Join us for Still Rockin’: A Night of Music to Support Programming and Resources for Older Adults

Join us for Still Rockin’: A Night of Music to Support Programming and Resources for Older Adults

Have you ever strummed a guitar, played a piano or sang a melody? Most people have. But you may not have realized playing music was changing your brain and impacting your memory.

At Chicago Methodist Senior Services, here’s how playing music influences older adults’ memory and mood.

How playing music improves memory for older adults

At Chicago Methodist Senior Services’ Hartwell Place, residents gather in the living room on Monday mornings to sing together. Ana Lebron, Community Life Coordinator at Hartwell, greets residents while holding her ukelele. She gets a sense of the energy in the room, before choosing a crowd favorite to sing: “Home On the Range.” As she begins playing her ukulele and singing the classic Western folk song, over a dozen residents join her; one resident follows along on the piano.

Lebron sees residents who experience memory loss light up while singing some of their favorite songs from youth. They sing each lyric, word for word, and during that song, residents are present and joyful.

The late Oliver Sacks, M.D., neurologist and author of “Musicophilia,” said listening to sentimental songs can help people with memory loss remember the times in their lives when they first heard the music. Through the music, they can gain entry to memories and emotions that were previously inaccessible to them.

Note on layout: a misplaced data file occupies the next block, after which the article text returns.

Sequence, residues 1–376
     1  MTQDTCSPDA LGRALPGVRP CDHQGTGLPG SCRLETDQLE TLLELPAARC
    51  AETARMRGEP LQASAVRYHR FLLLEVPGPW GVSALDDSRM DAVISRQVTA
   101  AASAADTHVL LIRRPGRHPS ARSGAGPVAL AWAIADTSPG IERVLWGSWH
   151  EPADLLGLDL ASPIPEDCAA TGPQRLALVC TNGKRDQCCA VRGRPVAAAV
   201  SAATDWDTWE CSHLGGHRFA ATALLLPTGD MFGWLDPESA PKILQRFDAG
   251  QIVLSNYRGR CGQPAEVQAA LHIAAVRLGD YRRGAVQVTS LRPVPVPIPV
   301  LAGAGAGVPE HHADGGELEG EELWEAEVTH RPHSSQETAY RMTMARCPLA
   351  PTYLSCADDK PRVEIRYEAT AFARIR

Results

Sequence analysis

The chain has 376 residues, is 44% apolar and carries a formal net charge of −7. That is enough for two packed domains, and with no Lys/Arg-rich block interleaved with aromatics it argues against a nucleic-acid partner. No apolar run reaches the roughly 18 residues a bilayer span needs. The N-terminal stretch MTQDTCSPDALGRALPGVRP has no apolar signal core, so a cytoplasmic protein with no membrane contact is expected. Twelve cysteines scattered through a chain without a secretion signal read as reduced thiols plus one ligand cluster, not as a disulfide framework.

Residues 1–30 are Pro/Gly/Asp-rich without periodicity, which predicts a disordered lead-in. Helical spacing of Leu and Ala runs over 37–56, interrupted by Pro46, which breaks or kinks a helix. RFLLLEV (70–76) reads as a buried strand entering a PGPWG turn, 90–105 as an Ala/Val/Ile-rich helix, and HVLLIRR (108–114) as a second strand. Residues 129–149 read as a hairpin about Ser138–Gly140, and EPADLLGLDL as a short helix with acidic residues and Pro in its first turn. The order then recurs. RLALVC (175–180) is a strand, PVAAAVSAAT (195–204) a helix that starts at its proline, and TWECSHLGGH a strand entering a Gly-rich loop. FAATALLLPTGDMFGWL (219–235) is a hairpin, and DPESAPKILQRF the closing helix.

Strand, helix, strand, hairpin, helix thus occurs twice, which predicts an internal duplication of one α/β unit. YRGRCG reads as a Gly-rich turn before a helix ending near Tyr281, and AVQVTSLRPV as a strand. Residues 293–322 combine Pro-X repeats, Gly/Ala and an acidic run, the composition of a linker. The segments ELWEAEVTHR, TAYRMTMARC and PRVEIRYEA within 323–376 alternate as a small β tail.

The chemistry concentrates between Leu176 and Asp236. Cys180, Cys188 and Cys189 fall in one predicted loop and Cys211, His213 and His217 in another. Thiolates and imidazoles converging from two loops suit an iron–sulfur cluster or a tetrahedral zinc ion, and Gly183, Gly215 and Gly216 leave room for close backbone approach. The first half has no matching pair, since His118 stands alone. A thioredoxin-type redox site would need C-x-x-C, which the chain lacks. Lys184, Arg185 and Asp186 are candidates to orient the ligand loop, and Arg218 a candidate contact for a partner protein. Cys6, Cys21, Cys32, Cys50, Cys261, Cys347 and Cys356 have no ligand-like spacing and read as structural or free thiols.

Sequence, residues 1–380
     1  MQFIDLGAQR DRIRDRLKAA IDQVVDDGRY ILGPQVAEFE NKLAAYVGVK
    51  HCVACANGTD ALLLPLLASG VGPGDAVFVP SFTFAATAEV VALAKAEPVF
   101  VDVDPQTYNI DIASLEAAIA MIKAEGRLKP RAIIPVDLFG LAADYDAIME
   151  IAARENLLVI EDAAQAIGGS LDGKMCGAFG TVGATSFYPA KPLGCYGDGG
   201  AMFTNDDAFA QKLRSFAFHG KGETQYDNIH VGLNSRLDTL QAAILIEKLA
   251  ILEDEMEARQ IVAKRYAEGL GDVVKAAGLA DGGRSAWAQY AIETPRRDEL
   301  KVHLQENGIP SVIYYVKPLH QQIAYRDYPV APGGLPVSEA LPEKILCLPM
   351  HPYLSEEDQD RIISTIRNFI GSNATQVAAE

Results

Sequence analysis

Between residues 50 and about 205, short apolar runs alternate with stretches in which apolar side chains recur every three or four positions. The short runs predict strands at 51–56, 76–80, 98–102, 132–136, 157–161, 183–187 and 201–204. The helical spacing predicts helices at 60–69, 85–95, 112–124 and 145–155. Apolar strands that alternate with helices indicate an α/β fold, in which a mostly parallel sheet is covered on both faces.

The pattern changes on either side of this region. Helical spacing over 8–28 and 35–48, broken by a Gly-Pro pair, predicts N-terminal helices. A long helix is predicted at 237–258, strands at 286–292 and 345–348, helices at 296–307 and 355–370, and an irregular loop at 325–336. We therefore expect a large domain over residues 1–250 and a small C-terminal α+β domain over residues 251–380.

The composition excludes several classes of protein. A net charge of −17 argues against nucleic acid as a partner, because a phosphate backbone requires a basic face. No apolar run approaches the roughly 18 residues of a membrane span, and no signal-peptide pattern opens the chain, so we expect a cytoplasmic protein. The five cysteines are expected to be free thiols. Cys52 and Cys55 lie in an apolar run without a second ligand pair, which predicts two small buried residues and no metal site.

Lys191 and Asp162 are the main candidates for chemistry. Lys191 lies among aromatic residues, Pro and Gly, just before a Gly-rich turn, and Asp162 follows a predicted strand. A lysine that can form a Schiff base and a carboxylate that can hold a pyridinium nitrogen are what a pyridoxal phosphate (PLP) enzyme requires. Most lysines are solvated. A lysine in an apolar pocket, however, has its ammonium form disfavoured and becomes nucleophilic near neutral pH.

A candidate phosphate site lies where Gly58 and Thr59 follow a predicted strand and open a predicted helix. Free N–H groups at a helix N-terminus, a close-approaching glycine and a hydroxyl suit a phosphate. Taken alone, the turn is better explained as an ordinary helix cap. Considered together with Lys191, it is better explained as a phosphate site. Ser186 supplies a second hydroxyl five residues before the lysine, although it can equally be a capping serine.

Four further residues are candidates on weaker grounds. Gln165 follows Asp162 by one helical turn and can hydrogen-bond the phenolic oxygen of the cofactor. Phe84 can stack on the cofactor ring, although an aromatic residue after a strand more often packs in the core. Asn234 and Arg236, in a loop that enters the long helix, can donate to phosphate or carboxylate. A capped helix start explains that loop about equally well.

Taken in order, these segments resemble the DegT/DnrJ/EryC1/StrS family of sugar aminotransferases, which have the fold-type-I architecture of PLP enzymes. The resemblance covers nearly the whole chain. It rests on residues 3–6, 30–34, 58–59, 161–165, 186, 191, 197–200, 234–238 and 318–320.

Another study from the University of California, Davis examined brain patterns of people listening to familiar music. The results found specific brain regions linked emotions and autobiographical memories — which are recollections of specific episodes, like celebrating the holidays in the winter or the first dance at a wedding — are triggered by music.

How playing music improves mood for seniors

One CMSS resident preferred isolation and never wanted to come out of her room. We introduced her to the piano in the community and she rediscovered a love of music.

Henri Harps, Music Programming Coordinator at CMSS, knew the resident was quite the piano player. He offered her a deal: If she would teach him how to improve his piano playing, he’d help her transcribe early 20th-century jazz music she loved. The two of them bonded and spent hours together on the piano. The resident became more sociable, and her personality blossomed — all thanks to a few keys on the piano.

Music brings out the best in people. For older adults, especially people experiencing memory loss, it can enhance mood, improve self-consciousness and help combat other side effects of memory loss like depression and anxiety.

Music gives people a sense of community, purpose and a new avenue to communicate. We see this every day at CMSS, which is why we’re committed to expanding our music programming.

How CMSS uses music programming to enrich residents’ lives

Our new Sounds of Healing program allows us to partner with local music organizations, host live performances, integrate therapeutic music into seniors’ care plans, and most importantly, bring the joy of music into the lives of our residents and employees.

We’re also excited to announce the launch of a Songs by Heart research study conducted by the Northwestern Cognitive Neurology and Alzheimer’s Disease Center and the Northwestern Bienen School of Music. The study will examine the positive benefits of individualized therapeutic music on older adults with varying levels of memory loss.

Subscribe to our monthly newsletter to get more updates on Sounds of Healing, the Songs by Heart research study and our other music programming.

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